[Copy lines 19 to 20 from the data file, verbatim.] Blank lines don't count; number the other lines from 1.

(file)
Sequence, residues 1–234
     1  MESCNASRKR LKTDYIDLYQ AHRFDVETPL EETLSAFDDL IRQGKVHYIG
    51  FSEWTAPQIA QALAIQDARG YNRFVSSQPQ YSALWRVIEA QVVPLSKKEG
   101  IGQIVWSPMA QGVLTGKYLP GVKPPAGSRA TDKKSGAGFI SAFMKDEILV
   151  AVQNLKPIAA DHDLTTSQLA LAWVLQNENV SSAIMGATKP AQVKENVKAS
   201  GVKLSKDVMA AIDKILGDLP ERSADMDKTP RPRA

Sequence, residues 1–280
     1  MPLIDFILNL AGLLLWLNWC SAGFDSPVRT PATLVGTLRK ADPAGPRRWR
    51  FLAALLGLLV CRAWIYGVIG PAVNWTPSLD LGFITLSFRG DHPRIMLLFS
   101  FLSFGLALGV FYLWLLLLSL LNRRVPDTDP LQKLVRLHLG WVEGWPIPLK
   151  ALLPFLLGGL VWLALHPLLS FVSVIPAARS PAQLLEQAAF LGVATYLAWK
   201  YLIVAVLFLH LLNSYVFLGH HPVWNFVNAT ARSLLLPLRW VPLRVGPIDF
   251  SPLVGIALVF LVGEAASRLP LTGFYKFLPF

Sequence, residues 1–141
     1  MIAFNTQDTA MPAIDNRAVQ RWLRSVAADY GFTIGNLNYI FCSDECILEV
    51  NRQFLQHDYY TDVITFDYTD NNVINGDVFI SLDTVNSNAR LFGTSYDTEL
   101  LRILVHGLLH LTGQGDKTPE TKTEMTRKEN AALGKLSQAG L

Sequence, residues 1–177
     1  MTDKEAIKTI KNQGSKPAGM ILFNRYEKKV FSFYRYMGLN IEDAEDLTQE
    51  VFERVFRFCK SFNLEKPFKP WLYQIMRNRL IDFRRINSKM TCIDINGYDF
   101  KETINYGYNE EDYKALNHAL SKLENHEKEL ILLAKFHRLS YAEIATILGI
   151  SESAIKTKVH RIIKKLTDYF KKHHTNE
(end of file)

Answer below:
     1  MTDKEAIKTI KNQGSKPAGM ILFNRYEKKV FSFYRYMGLN IEDAEDLTQE
    51  VFERVFRFCK SFNLEKPFKP WLYQIMRNRL IDFRRINSKM TCIDINGYDF